When I was a sophomore at Princeton, I had to pick a major. It seemed like the one crucial decision that would determine my life’s path. I sweated over it for months.
There were certain disciplines it was easy to eliminate, the ones that had always seemed like Greek to me. Math. Physics. Chemistry. Greek. History was sorta interesting but I couldn’t stand memorizing dates. Economics? Of course not, I wasn’t going to become a businessman. Art? Give me a break. Who majors in art at Princeton?
English? Well, I loved and devoured books but I wasn’t sure what an English degree would give me. I didn’t want to be an English teacher. Or an academic writing books about other people’s books.
But I’d always loved to write. Stories. Essays. Articles for the school paper. If I could write for a living, I knew I surely would be happy.
My freshman year Joyce Carol Oates came to Princeton to teach creative writing. She was the legendary author of hundreds of novels, winner of the National Book Award, literary goddess, and I was terribly excited to study under her. But first, she had to let me. Unlike every other department, past grades were not sufficient for admission to Princeton’s creative writing program. I could only study writing if I submitted a writing sample that Ms. Oates deemed worthy.
I don’t remember what I submitted from my huge pile of stories, just that she rejected it. Sorry. I wasn’t good enough to be a real writer. Or even to study to be one.
Instead, I stopped writing stories and majored in Political Science, graduating summa cum laudewith a BA I never used for anything.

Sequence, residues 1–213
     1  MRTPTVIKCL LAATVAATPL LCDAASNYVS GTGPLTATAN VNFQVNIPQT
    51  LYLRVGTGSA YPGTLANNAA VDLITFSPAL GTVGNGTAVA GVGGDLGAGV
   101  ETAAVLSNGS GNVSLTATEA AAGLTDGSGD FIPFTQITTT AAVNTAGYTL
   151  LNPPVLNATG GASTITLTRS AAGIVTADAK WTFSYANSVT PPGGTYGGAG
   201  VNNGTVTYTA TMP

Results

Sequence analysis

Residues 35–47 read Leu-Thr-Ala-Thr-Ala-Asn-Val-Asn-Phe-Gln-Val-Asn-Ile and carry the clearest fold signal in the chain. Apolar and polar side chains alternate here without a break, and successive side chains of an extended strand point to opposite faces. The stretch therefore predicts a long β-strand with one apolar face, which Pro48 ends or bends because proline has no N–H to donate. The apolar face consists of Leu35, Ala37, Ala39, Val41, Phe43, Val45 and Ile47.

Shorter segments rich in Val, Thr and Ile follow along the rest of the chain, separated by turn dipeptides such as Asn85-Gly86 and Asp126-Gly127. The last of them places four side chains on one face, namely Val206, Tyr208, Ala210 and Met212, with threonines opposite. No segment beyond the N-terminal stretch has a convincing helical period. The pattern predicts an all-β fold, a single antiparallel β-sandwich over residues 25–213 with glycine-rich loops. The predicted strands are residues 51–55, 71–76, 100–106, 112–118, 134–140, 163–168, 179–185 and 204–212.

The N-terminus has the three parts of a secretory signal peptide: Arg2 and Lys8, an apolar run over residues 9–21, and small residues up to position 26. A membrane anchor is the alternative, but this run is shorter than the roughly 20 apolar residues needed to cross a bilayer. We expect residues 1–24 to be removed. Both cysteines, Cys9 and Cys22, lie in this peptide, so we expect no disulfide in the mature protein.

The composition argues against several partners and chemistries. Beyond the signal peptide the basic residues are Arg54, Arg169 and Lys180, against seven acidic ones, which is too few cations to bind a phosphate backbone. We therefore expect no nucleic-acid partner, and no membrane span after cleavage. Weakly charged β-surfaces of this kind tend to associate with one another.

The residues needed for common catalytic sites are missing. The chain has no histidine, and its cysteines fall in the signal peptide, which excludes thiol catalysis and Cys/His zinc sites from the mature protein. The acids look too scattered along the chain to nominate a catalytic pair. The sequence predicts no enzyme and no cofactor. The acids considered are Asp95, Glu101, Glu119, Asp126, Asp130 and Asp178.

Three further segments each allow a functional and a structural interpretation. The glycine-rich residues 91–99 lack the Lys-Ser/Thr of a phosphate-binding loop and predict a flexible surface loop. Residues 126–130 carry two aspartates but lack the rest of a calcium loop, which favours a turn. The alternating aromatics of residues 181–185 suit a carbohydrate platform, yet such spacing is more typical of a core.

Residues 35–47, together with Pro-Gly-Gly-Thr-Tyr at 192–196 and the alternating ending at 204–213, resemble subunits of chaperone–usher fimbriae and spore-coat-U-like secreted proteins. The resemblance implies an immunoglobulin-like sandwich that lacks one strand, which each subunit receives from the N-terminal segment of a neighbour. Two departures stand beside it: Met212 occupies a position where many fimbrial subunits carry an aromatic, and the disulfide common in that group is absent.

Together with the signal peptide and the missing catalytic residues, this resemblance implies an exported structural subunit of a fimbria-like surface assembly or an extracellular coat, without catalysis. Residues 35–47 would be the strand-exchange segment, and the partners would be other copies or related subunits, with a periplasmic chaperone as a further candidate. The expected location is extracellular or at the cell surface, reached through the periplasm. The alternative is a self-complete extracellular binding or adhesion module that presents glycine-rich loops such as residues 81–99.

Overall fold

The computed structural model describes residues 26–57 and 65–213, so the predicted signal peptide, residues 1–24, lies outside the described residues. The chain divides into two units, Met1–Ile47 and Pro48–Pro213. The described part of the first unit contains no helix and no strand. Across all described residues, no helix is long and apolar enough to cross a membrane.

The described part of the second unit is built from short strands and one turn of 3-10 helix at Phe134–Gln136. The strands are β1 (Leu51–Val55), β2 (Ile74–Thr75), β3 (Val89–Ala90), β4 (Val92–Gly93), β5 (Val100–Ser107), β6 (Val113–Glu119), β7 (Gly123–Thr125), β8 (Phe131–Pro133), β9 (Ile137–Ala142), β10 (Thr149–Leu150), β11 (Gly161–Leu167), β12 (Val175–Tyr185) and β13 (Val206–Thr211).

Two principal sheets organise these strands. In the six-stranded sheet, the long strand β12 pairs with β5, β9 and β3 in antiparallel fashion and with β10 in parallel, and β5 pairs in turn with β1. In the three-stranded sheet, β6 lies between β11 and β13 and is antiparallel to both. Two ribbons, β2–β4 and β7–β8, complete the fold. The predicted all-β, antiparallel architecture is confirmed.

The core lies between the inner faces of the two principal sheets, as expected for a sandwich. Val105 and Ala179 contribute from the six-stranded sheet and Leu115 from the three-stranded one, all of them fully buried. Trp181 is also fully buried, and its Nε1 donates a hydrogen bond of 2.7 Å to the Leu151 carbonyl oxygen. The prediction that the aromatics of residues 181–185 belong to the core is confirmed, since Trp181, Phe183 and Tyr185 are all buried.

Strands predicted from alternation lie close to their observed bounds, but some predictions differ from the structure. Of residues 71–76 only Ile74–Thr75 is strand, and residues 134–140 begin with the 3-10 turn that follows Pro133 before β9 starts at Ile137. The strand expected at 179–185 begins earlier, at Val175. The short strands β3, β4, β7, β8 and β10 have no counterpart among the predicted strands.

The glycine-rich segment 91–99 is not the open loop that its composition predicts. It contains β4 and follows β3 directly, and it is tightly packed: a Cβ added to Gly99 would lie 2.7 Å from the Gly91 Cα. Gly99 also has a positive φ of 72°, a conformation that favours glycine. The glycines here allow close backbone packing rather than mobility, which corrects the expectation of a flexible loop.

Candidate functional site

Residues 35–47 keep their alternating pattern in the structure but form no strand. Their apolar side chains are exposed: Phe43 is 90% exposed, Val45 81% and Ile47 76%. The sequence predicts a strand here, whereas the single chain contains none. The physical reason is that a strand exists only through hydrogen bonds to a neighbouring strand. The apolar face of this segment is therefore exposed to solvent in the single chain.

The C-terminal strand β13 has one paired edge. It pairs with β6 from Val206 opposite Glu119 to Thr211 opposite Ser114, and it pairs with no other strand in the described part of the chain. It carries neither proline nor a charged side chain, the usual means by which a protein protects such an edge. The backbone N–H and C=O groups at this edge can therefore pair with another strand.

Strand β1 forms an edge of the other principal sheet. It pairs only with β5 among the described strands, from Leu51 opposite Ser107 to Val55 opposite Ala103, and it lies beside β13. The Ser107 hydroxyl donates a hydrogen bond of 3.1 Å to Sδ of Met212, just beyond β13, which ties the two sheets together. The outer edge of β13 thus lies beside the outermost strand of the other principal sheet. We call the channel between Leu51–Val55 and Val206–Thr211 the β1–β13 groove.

If you want to be a doctor, you need a degree from a medical school. Lawyers need to pass the bar. Dentists need the sheepskin too. If you want to be an architect, a trucker, a plumber, or a dog groomer, you need to pass a licensing exam.
Someone else has to give you permission to practice your trade. Once you have your piece of paper, you can go out and make a living drilling teeth or driving big rigs or blowdrying Lhasa Apsos.
Ironically, having a creative degree isn’t such a guarantee. Being an art school grad doesn’t make you a painter. Painting does. A degree from the Berkley School of Music won’t make you a jazz trumpeter. Playing jazz does, night after night. And a degree in creative writing, even from Princeton University and Joyce Carol Oates, doesn’t make you a writer. Writing does. Typing does. Posting on your blog does.
Creatives prove themselves by creating. Not by earning degrees.
Every day you sit down to write, whether any one else reads it or publishes it or gives it a passing grade, you are a writer. And there are no short cuts, no letters after your name that validate what you do. No one else authorizes you, you gotta do it yourself.
And it is hard work. That’s the only guarantor that you’ll become a creative professional, the toil. If you spend three years majoring in creative writing, the main thing you’re learning is to write, regularly, for a thousand days. And then many days beyond.
I stopped writing stories for pleasure when I received Oates’ verdict. The goal was gone. But years later, I started writing just for me once more. I couldn’t help myself. I loved it. And every time I sat down at the keyboard, I got a little stronger, clearer, more at ease. Regaining my confidence, experimenting, exploring, and doing it over and again, that became my education.
The same is true for drawing, for playing music, for cooking, for any creative path you choose. The best teacher is experience, repeated, sweaty experience. They don’t teach you that at Princeton, only at the School of Life.
Forty years later, I haven’t published as many books as Joyce Carol Oates but I have no doubt that I’m a Writer. And in those forty years, I’ve never read another novel by Joyce Carol Oates. She’s just not good enough for my Kindle. Sorry.